Christmas Triple-Feature: Stille Nacht, St. Nick & Scrooge

From top left: The title page of the first edition of "A Christmas Carol" by Charles Dickens; A handwritten manuscript of "A Visit from St. Nicholas" by Clement C. Moore; the music and lyrics to "Stille Nacht, by Joseph Mohr and Franz Xaver Gruber. Public domain

We're taking a look at three creative works that have become staples of the Christmas season. All three of them have played a huge part in how people observe and celebrate Christmas in parts of the world, and they all have milestone birthdays this year.

Tracy's Research:

  • Stille Nacht German lyrics:
  • Fischer, Mag. Manfred W.K. & Renate Schaffenberger. “The Facts.” Stille Nacht Gesellschaft.
  • Egan, Bill. “Silent Night, Holy Night: The History of a Famous Carol.” Soundscapes Journal on Media Culture.
  • Rowell, Geoffrey. “Dickens and the Construction of Christmas.” History Today. 12/12/1993.
  • Barnes, Alison. “The First Christmas Tree.” History Today. 12/12/2006.
  • Eschner, Kat. “Why Charles Dickens Wrote ‘A Christmas Carol.’” Smithsonian. 12/19/2016.
  • Blasco, Erin. “Guest Post: Christmas 1843: The Births of the First Christmas Card and A Christmas Carol.” Pushing the Envelope: Smithsonian’s National Postal Museum. 12/12/2010.
  • Broich, John. “The Real Reason Charles Dickens Wrote A Christmas Carol.” Time. 12/13/2016.
  • Varese, Jon Michael. “Why A Christmas Carol was a flop for Dickens.” The Guardian. 12/22/2009.
  • Olshan, Jeremy. “What the insane circumstances under which Dickens wrote ‘A Christmas Carol’ reveal about money, debt, and success.” MarketWatch. 12/25/2017.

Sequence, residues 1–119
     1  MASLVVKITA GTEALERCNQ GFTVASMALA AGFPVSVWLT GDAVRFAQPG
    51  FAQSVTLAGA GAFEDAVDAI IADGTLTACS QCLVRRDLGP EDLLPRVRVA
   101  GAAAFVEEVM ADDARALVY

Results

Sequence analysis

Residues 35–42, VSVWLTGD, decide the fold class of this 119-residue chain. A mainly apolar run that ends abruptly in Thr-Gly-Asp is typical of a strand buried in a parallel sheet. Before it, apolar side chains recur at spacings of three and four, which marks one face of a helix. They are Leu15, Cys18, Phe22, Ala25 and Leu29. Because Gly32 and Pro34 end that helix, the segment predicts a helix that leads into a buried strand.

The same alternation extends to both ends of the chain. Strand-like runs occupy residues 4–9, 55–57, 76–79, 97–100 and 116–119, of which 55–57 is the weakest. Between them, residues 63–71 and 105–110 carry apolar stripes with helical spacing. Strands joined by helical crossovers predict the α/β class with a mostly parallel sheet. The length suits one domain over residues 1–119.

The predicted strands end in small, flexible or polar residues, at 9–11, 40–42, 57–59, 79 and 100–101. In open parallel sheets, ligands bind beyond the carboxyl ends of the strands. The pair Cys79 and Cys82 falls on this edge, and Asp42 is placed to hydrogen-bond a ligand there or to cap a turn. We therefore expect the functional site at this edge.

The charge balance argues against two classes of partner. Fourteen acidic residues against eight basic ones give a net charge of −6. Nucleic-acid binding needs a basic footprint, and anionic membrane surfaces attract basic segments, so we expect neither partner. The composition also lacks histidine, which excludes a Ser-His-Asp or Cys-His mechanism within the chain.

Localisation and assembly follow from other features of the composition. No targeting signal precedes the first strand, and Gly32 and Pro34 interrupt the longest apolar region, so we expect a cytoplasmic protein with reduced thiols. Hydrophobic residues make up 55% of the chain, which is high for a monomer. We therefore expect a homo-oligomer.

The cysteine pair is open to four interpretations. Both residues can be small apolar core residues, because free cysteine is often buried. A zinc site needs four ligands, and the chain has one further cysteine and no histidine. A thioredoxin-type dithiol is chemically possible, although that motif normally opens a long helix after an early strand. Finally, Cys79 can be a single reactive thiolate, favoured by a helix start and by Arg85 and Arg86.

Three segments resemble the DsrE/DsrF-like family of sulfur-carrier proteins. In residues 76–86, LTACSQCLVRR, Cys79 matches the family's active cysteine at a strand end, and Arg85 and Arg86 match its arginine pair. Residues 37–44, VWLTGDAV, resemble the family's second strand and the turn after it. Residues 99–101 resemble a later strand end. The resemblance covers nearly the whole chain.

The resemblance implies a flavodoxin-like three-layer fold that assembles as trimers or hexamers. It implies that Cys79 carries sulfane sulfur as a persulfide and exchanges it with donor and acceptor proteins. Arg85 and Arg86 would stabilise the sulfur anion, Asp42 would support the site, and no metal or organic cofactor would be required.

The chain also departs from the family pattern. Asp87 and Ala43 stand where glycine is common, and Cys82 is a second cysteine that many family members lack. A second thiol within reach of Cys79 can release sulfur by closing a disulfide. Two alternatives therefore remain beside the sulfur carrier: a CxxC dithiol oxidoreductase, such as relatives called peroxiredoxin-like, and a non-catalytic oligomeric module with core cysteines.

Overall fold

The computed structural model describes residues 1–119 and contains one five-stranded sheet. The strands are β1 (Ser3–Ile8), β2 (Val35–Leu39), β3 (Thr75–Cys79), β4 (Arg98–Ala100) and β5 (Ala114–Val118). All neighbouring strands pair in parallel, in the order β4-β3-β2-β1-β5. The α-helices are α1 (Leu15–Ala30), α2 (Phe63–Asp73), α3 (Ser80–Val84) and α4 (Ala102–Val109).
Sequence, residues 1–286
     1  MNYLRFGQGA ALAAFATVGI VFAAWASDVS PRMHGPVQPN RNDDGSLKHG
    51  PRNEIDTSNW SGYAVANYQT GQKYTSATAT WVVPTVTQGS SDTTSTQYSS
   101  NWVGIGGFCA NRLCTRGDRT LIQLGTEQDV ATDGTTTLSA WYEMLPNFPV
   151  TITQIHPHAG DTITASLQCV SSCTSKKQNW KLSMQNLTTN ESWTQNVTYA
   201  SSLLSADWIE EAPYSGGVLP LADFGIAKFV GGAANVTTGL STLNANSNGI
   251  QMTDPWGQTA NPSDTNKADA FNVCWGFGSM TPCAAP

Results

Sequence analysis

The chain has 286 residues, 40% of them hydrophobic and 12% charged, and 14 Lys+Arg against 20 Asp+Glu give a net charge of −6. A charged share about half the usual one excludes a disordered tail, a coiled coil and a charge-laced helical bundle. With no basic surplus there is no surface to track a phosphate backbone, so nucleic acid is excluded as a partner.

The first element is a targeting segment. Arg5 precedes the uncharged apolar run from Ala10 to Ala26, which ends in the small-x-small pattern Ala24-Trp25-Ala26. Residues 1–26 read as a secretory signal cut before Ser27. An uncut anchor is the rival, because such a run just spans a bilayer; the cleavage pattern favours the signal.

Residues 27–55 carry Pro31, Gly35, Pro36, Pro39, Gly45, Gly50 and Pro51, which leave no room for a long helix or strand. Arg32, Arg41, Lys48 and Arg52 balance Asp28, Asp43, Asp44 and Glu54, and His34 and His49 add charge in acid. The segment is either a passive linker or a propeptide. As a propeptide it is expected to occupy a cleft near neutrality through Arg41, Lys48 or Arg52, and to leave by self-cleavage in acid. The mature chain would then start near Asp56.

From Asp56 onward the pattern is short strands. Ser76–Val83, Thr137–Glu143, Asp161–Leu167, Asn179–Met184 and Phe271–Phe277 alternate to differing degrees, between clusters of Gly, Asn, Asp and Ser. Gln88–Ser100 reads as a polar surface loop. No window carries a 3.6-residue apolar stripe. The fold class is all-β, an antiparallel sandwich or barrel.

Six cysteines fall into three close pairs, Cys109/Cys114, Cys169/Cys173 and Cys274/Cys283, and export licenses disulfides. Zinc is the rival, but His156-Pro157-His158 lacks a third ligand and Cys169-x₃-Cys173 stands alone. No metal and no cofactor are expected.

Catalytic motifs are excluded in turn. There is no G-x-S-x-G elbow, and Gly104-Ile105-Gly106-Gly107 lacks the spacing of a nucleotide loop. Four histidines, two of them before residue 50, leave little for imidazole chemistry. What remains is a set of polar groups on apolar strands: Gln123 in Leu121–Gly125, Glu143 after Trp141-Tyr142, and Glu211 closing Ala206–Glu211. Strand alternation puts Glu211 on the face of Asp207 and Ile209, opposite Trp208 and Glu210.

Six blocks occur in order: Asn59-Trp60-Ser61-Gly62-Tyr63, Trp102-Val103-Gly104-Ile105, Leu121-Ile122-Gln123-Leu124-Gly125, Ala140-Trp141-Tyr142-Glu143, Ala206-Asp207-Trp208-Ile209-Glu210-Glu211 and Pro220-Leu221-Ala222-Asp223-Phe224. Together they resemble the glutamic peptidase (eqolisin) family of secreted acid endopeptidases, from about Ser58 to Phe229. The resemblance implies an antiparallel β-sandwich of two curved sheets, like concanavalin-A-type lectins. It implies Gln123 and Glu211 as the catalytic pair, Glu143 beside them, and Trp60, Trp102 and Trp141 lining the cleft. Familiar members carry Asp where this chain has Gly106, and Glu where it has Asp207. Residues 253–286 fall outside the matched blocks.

• Harrison, Mary-Catherine. “Sentimental Realism: Poverty and the Ethics of Empathy, 1832-1867.” Thesis.
  • Reid, Carol. “Exhibit: Revisiting "A Visit from St. Nicholas.” New York State Library. 12/2015.
  • Moore, Clement Clareke. “A Visit from St. Nicholas.”
  • The Editors of Encyclopaedia Britannica. “A Visit from St. Nicholas.” Encyclopedia Britannica. August 17, 2017
  • New York Historical Society. “A Visit from St. Nicholas.” Object number MSS.BV.Moore.1.
  • New York Times. “Literary Sleuth Casts Doubt on the Authorship of an Iconic Christmas Poem.” 12/23/2009.
  • Kirkpatrick, David D. “Whose Jolly Old Elf Is That, Anyway?; Literary Sleuth Casts Doubt on the Authorship of an Iconic Christmas Poem.” New York Times. 12/26/2000.
  • New York Historical Society Quarterly Bulletin. “Original Documents from the Archives of the Society.”
  • Kaller, Seth. “The Moore Things Change.” The New-York Journal of American History. Winter 2004.
  • Kellam, William Porter. “The Story of "A Visit from St. Nicholas".” The Georgia Review. Vol. 8, No. 4. Winter, 1954. Via JSTOR.
  • Jackson, MacDonald P. “Style and Authorship in a Classic of Popular Culture: Henry Livingston and "The Night Before Christmas’” Style. Vol. 51, No. 4. Winter 2017.
  • Henry Livingston Jr. the author of “‘The Night Before Christmas.’”
  • Hitt, Jack. “Words On Trial: Can linguists solve crimes that stump the police?” New Yorker. 7/23/2012.
  • Nissenbaum, Stephen. “There Arose Such a Clatter: Who Really Wrote ‘The Night before Christmas’? (And Why Does It Matter?)” Common-Place. Vol. 1, No. 2, January 2001.
  • “Stille Nacht.” By Franz Gruber, performed by Julia Culp. 1914. Via

Topics in this Podcast: Austria, disputes, 19th century, U.S. history, Christmas, authors, British history, writers, novels, poets, poetry, charles dickens, Music